Emerging from the long, winding tunnel with its big round windows that flash past the ocean as you drive through, I could see cars parked in the ditch down one side of the road and on the pavement on the other, with not enough space to park a credit card between their bumpers.
The ‘cars-parked-in-ridiculous-places’ fiesta continued all the way to Garachico, through the town and out the other side, crawling its way up the hill until I was nearly in Los Silos before I could finally pull onto the kerb to join them, and begin the long trek back to Garachico and the San Roque Romería.
Garachico, on Tenerife’s northern coast, has been paying homage to San Roque since 1606 when 5 years of bubonic plague, brought to the wealthy port from the mainland, decimated the population. For the people of Garachico, it was prayers to San Roque that finally brought the pestilence to an end and the diminutive saint has held a special place in their hearts ever since. The romería to honour their Patron Saint falls on the 16th August each year and, never having been to a romería, I decided to start with one of the oldest and most important on Tenerife.
Arriving in the town, the atmosphere was buzzing. A good percentage of the thousands of people gathered there were wearing traditional Canarian costumes. The predominant colour filling the streets and plaza was scarlet; the men’s sashes, the girls’ waistcoats, the lines of flags and the poles topped with reams of ribbons. Ornate decorations of woven baskets filled with fruit and flowers adorned the doorways of houses that lined the narrow cobbled streets where sawdust had been strewn in anticipation of the day’s refuge.
Outside the Sioux Bar a herd of goats shuffled quietly against one wall, the ones on the outside trying to squeeze a little tighter into the group. Just beyond them, two Shetland ponies with their manes and tails festooned with ribbons snatched at clumps of dry grass in between the cobbles while small children, encouraged by their mothers, nervously patted their flanks.
Amongst the many claims to fame of this fascinating little town is the incident known as ‘the Wine Rebellion’ when, in 1666, tired of the stranglehold the English had on the price of their precious Malvasia wine, local winegrowers broke into warehouses on Garachico’s harbour and smashed every barrel, flooding the streets with wine. As I was to discover, the liberal pouring of wine was something that came easily to the citizens of this idyllic place.
On Estaban de Ponte I found a nice little spot on the pavement beside the open shutters of a window behind which two elderly Canarian ladies were sitting, and waited for proceedings to begin. The first to turn the corner into the narrow street was the herd of goats, led by a goatherd with his Alsatian dog and followed by the two Shetland ponies. Then the first cart came into view, pulled by a laughing group of men and women, all clad in traditional costume. In the cart, three children were sitting at the front and behind them, baskets of fruit and sacks filled with boiled potatoes rocked from side to side with the motion of the cart wheels over the cobbles. On the rear of the cart a large barbecue was burning over an old oil barrel and on its grill, pork chops, steaks and spare ribs sizzled. Beside the barbecue, a plastic tube leading from a large barrel was dispensing vino del pais into plastic beakers and before I could say “strong bodied country wine”, a chunk of bread with a piece of pork atop and a beaker of wine were thrust into my hand by one of the cart-pullers.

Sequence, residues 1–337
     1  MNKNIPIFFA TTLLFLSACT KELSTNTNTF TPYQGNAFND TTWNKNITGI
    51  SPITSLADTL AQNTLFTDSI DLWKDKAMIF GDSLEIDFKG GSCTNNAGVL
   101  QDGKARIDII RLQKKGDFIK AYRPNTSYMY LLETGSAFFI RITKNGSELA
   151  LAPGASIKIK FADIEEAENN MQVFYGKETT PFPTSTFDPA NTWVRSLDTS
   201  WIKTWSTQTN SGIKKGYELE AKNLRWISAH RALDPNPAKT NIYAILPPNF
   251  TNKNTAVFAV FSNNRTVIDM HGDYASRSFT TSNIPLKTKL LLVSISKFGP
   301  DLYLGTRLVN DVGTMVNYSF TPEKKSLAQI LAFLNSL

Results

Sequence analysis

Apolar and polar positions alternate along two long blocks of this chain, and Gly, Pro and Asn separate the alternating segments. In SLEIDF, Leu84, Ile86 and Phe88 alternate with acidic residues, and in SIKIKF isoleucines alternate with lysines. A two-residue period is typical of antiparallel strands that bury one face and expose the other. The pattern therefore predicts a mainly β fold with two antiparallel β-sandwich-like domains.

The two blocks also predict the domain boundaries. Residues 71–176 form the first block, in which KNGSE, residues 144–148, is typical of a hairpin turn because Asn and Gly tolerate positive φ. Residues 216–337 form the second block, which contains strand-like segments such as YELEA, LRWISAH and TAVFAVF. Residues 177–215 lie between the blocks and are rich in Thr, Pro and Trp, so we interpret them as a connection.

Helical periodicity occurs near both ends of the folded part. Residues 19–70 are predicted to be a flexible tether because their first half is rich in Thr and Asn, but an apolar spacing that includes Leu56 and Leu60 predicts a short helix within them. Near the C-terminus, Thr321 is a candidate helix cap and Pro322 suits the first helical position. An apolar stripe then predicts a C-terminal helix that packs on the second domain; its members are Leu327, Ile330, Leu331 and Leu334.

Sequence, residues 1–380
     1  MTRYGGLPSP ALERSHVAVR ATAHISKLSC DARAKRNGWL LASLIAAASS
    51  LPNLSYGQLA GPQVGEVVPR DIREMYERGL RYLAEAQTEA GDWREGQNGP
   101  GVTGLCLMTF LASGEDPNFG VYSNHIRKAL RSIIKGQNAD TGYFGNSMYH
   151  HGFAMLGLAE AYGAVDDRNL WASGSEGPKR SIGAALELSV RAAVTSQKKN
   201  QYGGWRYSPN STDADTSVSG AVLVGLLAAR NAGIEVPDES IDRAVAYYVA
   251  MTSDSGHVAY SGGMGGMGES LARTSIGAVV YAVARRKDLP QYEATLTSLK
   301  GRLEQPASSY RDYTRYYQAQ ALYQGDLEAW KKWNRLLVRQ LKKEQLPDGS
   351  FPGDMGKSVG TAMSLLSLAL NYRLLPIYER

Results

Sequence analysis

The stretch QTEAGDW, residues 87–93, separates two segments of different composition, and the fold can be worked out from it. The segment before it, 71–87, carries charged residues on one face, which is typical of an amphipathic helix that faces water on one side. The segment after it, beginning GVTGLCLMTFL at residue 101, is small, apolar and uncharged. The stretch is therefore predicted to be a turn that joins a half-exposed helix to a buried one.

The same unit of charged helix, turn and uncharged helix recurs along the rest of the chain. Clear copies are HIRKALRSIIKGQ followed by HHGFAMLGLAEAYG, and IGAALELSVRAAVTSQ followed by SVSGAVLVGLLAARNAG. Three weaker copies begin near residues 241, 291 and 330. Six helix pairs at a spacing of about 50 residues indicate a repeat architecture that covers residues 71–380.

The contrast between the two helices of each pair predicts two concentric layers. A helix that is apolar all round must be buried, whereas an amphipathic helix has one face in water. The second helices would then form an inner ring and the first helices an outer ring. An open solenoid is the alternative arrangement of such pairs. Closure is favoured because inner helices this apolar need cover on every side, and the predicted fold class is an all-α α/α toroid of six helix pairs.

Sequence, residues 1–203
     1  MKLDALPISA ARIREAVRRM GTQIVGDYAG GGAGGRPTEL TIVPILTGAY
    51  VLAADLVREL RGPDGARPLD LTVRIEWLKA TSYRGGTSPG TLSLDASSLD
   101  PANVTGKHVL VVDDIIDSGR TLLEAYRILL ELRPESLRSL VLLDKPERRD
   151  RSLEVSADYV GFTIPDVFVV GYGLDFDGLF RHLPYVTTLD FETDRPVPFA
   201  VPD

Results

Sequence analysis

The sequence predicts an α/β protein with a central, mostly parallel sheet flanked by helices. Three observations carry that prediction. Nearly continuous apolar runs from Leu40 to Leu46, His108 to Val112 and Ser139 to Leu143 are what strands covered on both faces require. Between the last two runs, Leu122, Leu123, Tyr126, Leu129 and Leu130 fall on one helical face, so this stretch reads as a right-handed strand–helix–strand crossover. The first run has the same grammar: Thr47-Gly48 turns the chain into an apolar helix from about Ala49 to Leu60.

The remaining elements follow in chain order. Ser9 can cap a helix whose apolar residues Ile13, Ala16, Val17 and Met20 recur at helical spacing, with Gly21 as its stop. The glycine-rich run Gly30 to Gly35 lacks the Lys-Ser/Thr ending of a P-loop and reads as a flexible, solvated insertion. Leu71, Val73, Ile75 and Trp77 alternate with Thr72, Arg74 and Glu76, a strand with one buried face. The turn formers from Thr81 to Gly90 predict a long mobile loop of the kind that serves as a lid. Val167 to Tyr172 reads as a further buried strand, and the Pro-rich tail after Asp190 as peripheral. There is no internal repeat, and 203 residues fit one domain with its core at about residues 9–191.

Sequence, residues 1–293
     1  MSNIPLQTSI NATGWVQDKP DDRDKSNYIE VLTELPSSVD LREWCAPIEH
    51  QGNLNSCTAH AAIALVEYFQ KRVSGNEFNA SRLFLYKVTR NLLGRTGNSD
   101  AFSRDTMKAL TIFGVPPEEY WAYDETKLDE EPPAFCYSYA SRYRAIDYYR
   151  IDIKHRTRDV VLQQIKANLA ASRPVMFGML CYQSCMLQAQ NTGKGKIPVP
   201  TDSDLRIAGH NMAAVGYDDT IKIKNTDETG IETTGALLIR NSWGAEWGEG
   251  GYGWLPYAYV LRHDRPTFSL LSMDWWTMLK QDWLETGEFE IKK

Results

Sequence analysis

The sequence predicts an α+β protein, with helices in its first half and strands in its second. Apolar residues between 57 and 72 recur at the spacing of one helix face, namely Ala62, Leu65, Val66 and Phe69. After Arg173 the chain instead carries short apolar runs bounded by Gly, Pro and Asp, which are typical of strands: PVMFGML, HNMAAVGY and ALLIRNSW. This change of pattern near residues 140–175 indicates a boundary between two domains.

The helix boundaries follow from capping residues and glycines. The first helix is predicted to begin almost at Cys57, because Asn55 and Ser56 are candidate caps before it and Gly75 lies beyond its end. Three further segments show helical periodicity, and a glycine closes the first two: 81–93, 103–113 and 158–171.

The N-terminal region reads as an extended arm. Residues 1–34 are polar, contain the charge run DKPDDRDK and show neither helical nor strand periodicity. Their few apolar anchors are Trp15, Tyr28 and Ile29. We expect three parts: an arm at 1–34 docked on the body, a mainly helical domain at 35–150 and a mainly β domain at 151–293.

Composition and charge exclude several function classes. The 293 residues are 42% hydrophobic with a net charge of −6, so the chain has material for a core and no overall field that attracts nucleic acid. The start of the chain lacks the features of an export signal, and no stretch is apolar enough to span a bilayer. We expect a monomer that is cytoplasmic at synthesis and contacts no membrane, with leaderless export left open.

With a surprised “Gracias” I looked around to see if anyone else had been picked out to receive a gift and sure enough, pieces of meat, pork kebabs, bread and fruit were being passed liberally from the cart to everyone it passed. People were walking up to the cart and holding out plastic beakers and little metal cups hung around their necks on string into which wine was being unceremoniously sloshed.
Cart after cart appeared, each with its own barbecue and each dispensing various cuts of meat, small cakes made from gofio (milled cornflour), chunks of bread spread with sausage paste and all manner of fruit.
In between the carts, groups of musicians played guitars and timpales while, among them, groups of young men and women, all in traditional costume, drank, danced and sang their way along the route, helping to distribute the food and wine and laughing and joking with each other and with everyone they passed.
After the carts came the floats, each pulled by a team of two oxen and each crowded with people in traditional costume singing, playing guitars and dispensing food and wine to the crowds. Floats were bouncing from side to side, wine sloshing from barrels as the occupants of the cart jumped up and down, bellowing the verses to a medley of both traditional and pop songs.
For over two hours I watched, photographed, ate, drank and laughed as the good people of Garachico shared their food, wine, traditions and love of life with me.
By the time I started the trek back to the car, the street cleaners had already begun the job of clearing up the goat droppings, ox pats, discarded eaten ribs and fallen fruit from the streets that were once again running with wine.
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